Our father, Jacob, was also called Israel. And the Torah records that Israel said to his son, Joseph:
"Your brothers are pasturing in Shechem...Go now, look into the shalom of your brothers and the shalom of the sheep, and bring me back word." (Genesis 37:13,14)
Israel asked Joseph to look into the "shalom" - peace and welfare - of his brothers, and to also look into the shalom of the sheep. Why did the sheep merit a special inquiry about their shalom? Was it simply an expression of concern for his property? According to our tradition, there was a deeper reason for his concern. The Midrash explains that Israel inquired about the shalom of the sheep because of a sense of gratitude to the sheep for all the benefits that he received from them. The Midrash states that we can therefore learn from Israel's words the following good trait: "A person should inquire about the shalom of anything that he benefited from" (Genesis Rabbah).
The Compassionate One created an interdependent world in which all forms of life depend on each other. As Rabbi Hirsch wrote:
"All the world's creations give and receive - one from the other and one to the other. All separation and detachment is for the sake of mutual influence. Truly, this is the essence of all life on earth; all are in need of one another - not only to receive, but to give. The tree requires the earth but the earth also requires the tree. Everything receives only to give, and everything given ascends and returns to the giver - to bring about a further outpouring of blessing." (Commentary of Rabbi S.R. Hirsch on Genesis 1:11-13)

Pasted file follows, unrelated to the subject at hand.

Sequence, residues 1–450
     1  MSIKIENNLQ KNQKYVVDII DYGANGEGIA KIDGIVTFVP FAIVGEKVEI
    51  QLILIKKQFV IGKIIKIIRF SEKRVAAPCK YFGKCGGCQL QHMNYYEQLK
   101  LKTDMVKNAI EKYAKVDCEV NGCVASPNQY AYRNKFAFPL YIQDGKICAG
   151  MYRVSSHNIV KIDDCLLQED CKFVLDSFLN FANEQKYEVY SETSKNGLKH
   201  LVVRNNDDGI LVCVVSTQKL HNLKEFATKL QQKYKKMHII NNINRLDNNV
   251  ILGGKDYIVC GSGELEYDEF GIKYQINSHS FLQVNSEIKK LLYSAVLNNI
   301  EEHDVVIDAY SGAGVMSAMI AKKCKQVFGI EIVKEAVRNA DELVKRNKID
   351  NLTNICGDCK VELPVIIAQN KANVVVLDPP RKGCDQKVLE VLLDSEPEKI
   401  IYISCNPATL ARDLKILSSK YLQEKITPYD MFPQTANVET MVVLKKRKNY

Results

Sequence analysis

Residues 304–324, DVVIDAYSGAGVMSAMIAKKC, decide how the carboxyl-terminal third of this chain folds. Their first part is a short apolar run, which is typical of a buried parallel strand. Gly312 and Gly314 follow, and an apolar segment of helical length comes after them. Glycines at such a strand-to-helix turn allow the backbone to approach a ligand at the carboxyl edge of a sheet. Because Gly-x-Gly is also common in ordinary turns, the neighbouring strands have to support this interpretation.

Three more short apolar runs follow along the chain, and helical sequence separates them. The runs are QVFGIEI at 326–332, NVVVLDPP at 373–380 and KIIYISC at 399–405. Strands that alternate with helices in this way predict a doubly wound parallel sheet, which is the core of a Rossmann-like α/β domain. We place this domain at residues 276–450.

When we become more aware of what we receive – directly or indirectly – from all forms of life, we will experience a greater sense of gratitude for all the benefits that we receive. In this spirit, we should be concerned about the shalom of all living things.
Yosef Ben Shlomo Hakohen
1. There is another verse which demonstrates the compassionate concern of our father for the shalom of the sheep: "And Jacob journeyed to Succos and built himself a house, and for his flocks, he made succos (booths of shelter); he therefore called the name of the place, Succos" (Genesis 33:17).
It seems strange that Jacob would name a place "Succos" just because he built there "succos" for his flocks. The Ohr HaChaim, a noted Sephardic kabbalist and biblical commentator, suggests that Jacob may have been the first person to build "succos" - booths of shelter - for his flocks, as a result of his compassion for the animals. Jacob therefore named the place "Succos" in order to commemorate this historic innovation.
2. The Midrash states: "When Moshe Rebbeinu - Moses, our Teacher - was tending the flock of Jethro in the wilderness, a little kid ran away from him. He ran after the kid until it reached the oasis, Hasuah. Upon reaching Hasuah, it came upon a pool of water, and the kid stopped to drink. When Moshe reached it, he said: 'I did not know that you were running because you were thirsty. You must be tired.' He placed the kid on his shoulder and began to walk. The Holy One, Blessed Be He, said: 'You are compassionate in leading flocks belonging to mortals; I swear you will similarly shepherd My flock, Israel.' " (Exodus Rabbah 2:2).